Comelec: ‘Moral question’ hounds early campaigners

Paterno R. Esmaquel II

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Comelec: ‘Moral question’ hounds early campaigners
(UPDATED) Saying it is more than a legal question, Comelec Chairman Andres Bautista points out, 'There's a loophole in the law'

MANILA, Philippines (UPDATED) – “The letter of the law, they’re not violating. But how about the spirit of the law?”

In the Tapatan sa Aristocrat forum on Monday, May 25, Commission on Elections (Comelec) Chairman Andres Bautista said a “moral question” hounds politicians for early campaigning. 

Bautista said it is more than a legal question.

He pointed out that under Philippine laws, a person becomes a candidate once he or she has filed a certificate of candidacy.

A 2009 Supreme Court ruling says any person “who files his certificate of candidacy…shall only be considered a candidate at the start of the campaign period for which he filed his certificate of candidacy.” (READ: ‘Epal’ campaigning not an election offense – Comelec)

“Only a candidate can be guilty of premature campaigning. So there’s a loophole in the law,” Bautista said in Filipino. 

Bautista’s comments come as presumed candidates in the 2016 elections begin to air television ads. Their ads don’t blatantly announce their candidacies, but trumpet their achievements and portray them as excellent leaders.  

Politicians with recent television ads include Vice President Jejomar Binay, Davao City Mayor Rodrigo Duterte, former rehabilitation chief Panfilo Lacson, and Senate Majority Leader Alan Peter Cayetano.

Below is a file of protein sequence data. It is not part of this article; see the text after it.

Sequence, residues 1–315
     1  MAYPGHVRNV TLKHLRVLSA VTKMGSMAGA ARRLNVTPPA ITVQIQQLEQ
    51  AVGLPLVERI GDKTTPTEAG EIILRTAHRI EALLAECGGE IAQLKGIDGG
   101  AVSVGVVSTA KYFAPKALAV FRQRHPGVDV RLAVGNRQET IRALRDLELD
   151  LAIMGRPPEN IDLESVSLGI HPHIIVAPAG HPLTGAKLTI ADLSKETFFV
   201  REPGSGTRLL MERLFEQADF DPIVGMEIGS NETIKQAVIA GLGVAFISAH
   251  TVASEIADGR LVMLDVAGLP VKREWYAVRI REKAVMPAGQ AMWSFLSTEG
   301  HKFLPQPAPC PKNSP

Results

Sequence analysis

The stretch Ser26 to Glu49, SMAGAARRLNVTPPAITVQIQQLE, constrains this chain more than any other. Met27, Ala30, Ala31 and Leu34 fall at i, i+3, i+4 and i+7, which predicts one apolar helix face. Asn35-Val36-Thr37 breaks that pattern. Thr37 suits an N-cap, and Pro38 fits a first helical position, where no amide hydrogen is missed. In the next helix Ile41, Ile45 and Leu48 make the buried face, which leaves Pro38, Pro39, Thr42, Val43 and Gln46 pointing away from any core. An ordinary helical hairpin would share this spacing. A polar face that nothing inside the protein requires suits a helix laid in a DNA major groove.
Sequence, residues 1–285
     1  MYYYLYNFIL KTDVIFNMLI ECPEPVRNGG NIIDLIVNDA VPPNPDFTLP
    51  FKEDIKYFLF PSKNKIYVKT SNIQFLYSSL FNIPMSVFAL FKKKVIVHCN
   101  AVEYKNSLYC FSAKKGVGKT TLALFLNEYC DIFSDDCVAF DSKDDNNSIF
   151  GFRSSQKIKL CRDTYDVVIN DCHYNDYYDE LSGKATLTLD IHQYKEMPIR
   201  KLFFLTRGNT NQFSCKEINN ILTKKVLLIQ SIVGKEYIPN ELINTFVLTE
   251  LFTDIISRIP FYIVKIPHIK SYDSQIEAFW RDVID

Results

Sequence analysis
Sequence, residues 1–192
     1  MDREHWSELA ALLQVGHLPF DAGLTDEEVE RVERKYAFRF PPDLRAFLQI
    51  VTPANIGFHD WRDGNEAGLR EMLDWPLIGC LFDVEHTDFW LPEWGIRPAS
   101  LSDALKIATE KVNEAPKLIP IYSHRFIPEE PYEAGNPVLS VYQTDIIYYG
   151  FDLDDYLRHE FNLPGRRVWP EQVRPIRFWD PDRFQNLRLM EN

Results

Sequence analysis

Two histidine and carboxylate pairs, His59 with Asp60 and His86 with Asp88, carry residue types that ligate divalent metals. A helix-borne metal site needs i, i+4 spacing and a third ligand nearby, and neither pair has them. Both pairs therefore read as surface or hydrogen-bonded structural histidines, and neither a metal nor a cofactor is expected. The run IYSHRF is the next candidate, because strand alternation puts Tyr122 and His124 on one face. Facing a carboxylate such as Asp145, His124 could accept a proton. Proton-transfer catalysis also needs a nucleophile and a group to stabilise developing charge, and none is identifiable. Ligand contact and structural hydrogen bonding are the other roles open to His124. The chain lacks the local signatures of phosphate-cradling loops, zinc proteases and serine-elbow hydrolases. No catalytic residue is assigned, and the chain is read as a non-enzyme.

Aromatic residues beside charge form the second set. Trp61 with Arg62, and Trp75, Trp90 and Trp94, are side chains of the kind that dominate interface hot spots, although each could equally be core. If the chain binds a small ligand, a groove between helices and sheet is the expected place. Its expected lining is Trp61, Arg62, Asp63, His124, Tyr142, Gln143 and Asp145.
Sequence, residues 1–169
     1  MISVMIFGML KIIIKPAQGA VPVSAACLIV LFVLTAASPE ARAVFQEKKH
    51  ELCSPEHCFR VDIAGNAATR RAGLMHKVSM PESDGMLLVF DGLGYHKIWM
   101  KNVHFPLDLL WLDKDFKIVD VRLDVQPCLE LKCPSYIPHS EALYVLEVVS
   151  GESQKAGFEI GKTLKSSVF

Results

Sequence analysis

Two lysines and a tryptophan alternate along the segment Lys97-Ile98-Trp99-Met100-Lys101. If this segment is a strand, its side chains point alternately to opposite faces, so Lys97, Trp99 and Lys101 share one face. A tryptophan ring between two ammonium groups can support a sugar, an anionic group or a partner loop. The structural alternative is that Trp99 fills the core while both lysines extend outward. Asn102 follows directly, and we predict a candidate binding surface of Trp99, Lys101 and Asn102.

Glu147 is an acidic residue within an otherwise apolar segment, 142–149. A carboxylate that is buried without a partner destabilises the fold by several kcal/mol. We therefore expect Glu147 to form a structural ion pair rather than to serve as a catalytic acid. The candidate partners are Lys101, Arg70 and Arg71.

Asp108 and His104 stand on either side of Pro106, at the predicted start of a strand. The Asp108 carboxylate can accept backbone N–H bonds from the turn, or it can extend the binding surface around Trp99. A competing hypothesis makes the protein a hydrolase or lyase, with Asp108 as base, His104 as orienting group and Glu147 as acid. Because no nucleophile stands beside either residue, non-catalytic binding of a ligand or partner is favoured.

While the law doesn’t prohibit premature campaigning, Bautista called on watchdogs to help call out early campaigners. (READ: ‘Anti-Epal’ Facebook page fights early campaigning)


When asked about Bautista’s statement, Deputy Presidential Spokesperson Abigail Valte said she hopes Cabinet officials who appear in “infomercials” would not be misconstrued as involved in early campaigning.

Valte said in an interview on state-run Radyo ng Bayan on Saturday, May 30, that Cabinet officials like Energy Secretary Jericho Petilla and Health Secretary Janette Garin, for example, have some public service announcements shown on TV that are directly related to the mandate of their respective agencies.

“We hope it will not be taken any differently other than the fact that it really is necessary for a public service announcement. Although I know that our Cabinet secretaries are aware of what may be said about [their actions], they’re also very calculated in their movement,” she said. 

Petilla has been seen appearing in paid television advertisements, giving energy saving tips to the public. When he first announced his resignation plan on April 28, he said was considering running for either senator or congressman next year. (READ: Petilla to quit DOE, run for Senate or House)

The DOE chief had earlier tendered his “irrevocable” resignation to President Benigno Aquino III but had been prevailed upon to stay, for the meantime, until his replacement is chosen. – Rappler.com

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Paterno R. Esmaquel II

Paterno R. Esmaquel II, news editor of Rappler, specializes in covering religion and foreign affairs. He finished MA Journalism in Ateneo and MSc Asian Studies (Religions in Plural Societies) at RSIS, Singapore. For story ideas or feedback, email pat.esmaquel@rappler.com